In parallel, we need to contact the merchant to confirm that the store is indeed closed, so we can pause it on the platform. If the merchant confirms the closure or is unresponsive, we will pause the store for a set period of time. Pausing the merchant prevents consumers and Dashers from unnecessarily experiencing another similar issue when we already have some signal information that the store is closed. If the Merchant confirms the store is open, then the report is rejected, we find a different Dasher to fulfill this order, and the merchant can continue receiving other orders. 

The existence of inaccurate reports, though infrequent, is a major challenge for DRSC that we set out to minimize using ML.

Why we went the ML route

Without carefully examining each DRSC report, we might unnecessarily cancel orders or pause merchants. We needed an ML-powered solution to automate this review process at scale. Since some DRSC reports are inaccurate, either because the image does not show a closed store or the merchant confirms they are in fact open, having a trusted means of reviewing the DRSC validities meant we would be better equipped to reassign another Dasher and complete the order, when the validity of the DRSC report is in question. 

A validation step that can categorize reports would need to be accurate and fast, and scale up to thousands of daily reports. Humans could do it, but it would be expensive, time-consuming, and unscalable. A heuristic set of rules could handle the required speed and scale but would be only moderately accurate, with errors in passing inaccurate reports being costly to merchants and painful for customers. Given the inherent uncertainty of the problem, a conditional probability model - a mathematical formula for assigning probabilities to outcomes given varying information - seems especially fit for the job. This is because conditional probability models can pool available information about a store and a Dasher to output inferences about the store status that help us make optimal decisions.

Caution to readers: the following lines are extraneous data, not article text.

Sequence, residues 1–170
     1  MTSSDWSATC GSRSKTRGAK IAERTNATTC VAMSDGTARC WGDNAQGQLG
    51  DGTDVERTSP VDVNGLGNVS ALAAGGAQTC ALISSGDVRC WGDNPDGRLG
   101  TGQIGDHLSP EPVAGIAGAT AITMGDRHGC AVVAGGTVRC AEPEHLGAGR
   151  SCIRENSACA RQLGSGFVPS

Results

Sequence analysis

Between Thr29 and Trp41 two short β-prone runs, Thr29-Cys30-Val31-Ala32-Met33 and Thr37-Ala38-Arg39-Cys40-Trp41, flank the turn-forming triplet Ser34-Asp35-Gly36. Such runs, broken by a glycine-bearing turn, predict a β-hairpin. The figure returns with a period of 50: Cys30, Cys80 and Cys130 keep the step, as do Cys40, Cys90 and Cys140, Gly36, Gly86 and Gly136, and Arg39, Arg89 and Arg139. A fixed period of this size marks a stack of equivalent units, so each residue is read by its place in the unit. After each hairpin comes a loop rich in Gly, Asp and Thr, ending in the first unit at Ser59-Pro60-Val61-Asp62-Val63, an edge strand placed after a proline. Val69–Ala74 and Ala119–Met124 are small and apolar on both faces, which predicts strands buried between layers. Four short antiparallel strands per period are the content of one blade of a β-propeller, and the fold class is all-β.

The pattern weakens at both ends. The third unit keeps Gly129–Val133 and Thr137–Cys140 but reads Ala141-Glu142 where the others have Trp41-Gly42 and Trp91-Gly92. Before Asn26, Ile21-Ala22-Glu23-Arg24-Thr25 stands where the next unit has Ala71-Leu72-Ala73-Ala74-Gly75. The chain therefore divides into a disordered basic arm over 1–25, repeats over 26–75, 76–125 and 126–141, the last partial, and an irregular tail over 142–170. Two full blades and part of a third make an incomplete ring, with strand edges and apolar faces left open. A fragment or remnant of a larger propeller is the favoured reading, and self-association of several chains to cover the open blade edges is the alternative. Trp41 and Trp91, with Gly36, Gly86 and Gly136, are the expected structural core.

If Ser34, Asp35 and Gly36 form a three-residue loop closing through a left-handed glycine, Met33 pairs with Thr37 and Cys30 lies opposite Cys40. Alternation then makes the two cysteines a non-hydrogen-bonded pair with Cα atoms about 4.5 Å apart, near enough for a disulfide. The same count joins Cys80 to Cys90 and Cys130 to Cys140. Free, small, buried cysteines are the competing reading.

How the ML model replaced the heuristic

We started with the idea of wanting to calculate the probability that a given store is closed when a DRSC report is filed,

Probability(Store is Closed | DRSC report).

While a more general model for inferring store status could be built, we constrained ourselves to only handling the DRSC use case. 

Our first challenge was that the dependent variable (the status of a store) is unknown and would be prohibitively expensive to measure (i.e we do not actually know if a store is closed or not). To construct the store status variable, we looked at past DRSC reports and checked if such stores were fulfilling orders or responding to our messages about the store status in the hour following a DRSC report. For example, when a Dasher is able to complete a pick up within 15 minutes of a historical DRSC report, we would infer that the store was probably still open, despite the report.

A DRSC report provides basic features like the store Id, Dasher Id, timestamp of the report, as well as an image of the storefront taken by the Dasher. Store and Dasher Ids are useful for connecting a DRSC report to a history of deliveries at the store and a history of deliveries across stores by the Dasher. Historical data allows us to build features like the number of recent reports for a given store, the last time a pickup occurred, and the number of invalid store-closed reports for a given Dasher over multiple months.